What Google’s Patents and Acquisitions Can Teach Us About SEO
Matt Cutts, the head of search spam at Google, recently released a video in which he discussed a future where links weigh less into the ranking of a website. To save you three minutes, Google knows that as long as they’re dependent on links for the majority of their algorithm, it will always be easily manipulated. So it would make sense for them to try everything they can to get away from links as the primary factor in ranking.
The First Step Away from Links as a Backbone
Back in 2005, Google filed a patent called Agent Rank for a technique that would allow them to rank a piece of content based on the person who authored it. In theory, when content is added to the web, there would be a digital signature connecting the real life author to the database’s digital author profile. This signature could be unique, and attached to every piece of content that author puts on the web, creating a portfolio of sorts for each author.
An authority score given to different authors, or “Author rank,” could then be used in the future to give weight to new articles and content authored by the author. For instance, the author could launch a brand new website, and because their author rank is high across 20 other websites, Google would associate this author with other great content and potentially give more authority to that website, even though it is new.
Some websites, though, don’t include authorship info, and Google doesn’t have any good way to assign value to these pages outside of links. But that could change with Google’s acquisition of Deep Mind, home to the world’s leading researchers involved with artificial intelligence and deep learning. The term “deep learning” has come around since the mid-2000’s to describe a programming architecture in which it could make connections between different sets of data. It would make sense then, that it deep learning is most effective when it has large quantities of data to sort through and analyse.
How Google Will Come To Know Us Better Than Ourselves
Well, as of Jan 2014, Chrome has a dominating market share at 55% of all internet browsing, Google Analytics is on over 15 million websites, the Ad Network reached over 2 million websites, and Gmail is the leader in web mail, so it’s no secret that the amount of data that Google is able to collect is simply unfathomable. Up until now, sorting through so much data and drawing informed conclusions has been troublesome for computers. From TechCrunch,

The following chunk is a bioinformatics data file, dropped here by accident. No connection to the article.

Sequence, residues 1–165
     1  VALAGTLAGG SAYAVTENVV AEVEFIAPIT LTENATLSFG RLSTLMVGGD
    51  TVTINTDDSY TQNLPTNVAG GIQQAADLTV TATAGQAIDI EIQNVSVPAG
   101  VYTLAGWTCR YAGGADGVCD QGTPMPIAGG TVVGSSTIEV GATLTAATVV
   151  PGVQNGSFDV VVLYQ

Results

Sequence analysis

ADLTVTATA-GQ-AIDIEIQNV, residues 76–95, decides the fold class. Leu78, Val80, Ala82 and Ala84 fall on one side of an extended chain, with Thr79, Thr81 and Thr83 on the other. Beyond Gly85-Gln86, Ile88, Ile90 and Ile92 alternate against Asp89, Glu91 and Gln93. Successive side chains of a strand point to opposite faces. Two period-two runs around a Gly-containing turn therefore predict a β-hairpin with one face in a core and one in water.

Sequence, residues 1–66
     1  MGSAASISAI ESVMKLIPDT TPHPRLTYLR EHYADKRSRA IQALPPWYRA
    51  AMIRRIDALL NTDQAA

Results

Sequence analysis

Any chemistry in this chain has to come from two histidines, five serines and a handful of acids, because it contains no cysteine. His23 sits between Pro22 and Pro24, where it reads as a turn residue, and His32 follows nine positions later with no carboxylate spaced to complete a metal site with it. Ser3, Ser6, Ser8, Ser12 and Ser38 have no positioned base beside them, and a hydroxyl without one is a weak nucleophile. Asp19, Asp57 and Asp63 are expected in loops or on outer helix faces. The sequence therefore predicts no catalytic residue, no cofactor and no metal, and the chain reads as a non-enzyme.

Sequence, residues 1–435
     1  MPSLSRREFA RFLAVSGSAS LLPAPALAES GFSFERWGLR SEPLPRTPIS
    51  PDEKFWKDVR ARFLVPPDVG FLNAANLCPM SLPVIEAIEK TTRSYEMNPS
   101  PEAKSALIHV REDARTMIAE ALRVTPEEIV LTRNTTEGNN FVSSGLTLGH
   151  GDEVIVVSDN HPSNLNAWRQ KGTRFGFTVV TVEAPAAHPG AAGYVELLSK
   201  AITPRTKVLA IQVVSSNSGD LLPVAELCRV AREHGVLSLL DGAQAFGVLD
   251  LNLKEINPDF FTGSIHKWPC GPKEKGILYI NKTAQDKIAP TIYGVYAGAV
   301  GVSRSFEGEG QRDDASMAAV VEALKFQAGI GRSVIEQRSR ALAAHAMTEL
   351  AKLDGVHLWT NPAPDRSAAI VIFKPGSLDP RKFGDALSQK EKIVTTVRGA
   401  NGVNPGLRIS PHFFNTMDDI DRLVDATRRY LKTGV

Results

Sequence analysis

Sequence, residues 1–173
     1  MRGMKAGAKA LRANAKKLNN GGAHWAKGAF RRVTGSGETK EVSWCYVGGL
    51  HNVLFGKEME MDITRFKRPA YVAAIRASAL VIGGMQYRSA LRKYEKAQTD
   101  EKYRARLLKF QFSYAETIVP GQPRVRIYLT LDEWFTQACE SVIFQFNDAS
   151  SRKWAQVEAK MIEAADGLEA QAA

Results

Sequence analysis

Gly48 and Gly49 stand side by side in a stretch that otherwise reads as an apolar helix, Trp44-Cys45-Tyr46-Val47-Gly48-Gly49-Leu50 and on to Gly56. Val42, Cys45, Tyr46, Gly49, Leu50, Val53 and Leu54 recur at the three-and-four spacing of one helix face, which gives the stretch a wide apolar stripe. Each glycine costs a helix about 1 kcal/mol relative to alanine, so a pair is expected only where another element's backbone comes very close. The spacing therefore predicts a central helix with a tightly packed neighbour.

World-renowned artificial intelligence expert and Google’s new Director of Engineering, Ray Kurzweil, wants to build a search engine so sophisticated that knows users better than they know themselves. “I envision in some years that the majority of search queries will be answered without you actually asking.”
But now, Deep Mind’s AI program will play a role in all of Google’s infrastructure, including search, advertising, and social. With the end goal to document and draw smart connections between the real world’s people, places, events, and things, we must assume that Google is going to be using their mass repositories of data to create individual user profiles for each of us – including authors and readers.
Big Data + Deep Learning = Personalized Results
Users will see an increased level of relevancy in searches. For instance, if someone has emails in their inbox discussing the purchase of a new Honda Civic, and then they like Honda on Google+, and finally post pictures of their new Honda Civic to G+ with hashtags, then when that user goes to search for “change spark plugs”, Google will tailor the search results to include videos and tutorials specific to the user’s history, which is changing spark plugs on a Honda Civic.
Conversely, authors will see an increase in engagement from their users. Let’s say I’m a mechanic and operate a blog detailing simple maintenance on Hondas and Toyotas (Japanese cars). Google sees that I frequently discuss related topics to car maintenance, and that I mention Japanese name brands, not American. Hopefully the users who are searching for “how to change my car’s oil” and own Fords won’t see my blog, and by the same token, the time users spend on my site will likely increase because the content is more relevant to their lives.
In the future of the internet, where digital and real life become more integrated, it will be important that we associate ourselves and our businesses with others that are considered to be industry leaders, in hopes of being given credit and benefit of the doubt based on association. As such, we should all start building a digital reputation for ourselves now, so that we aren’t behind when the time comes.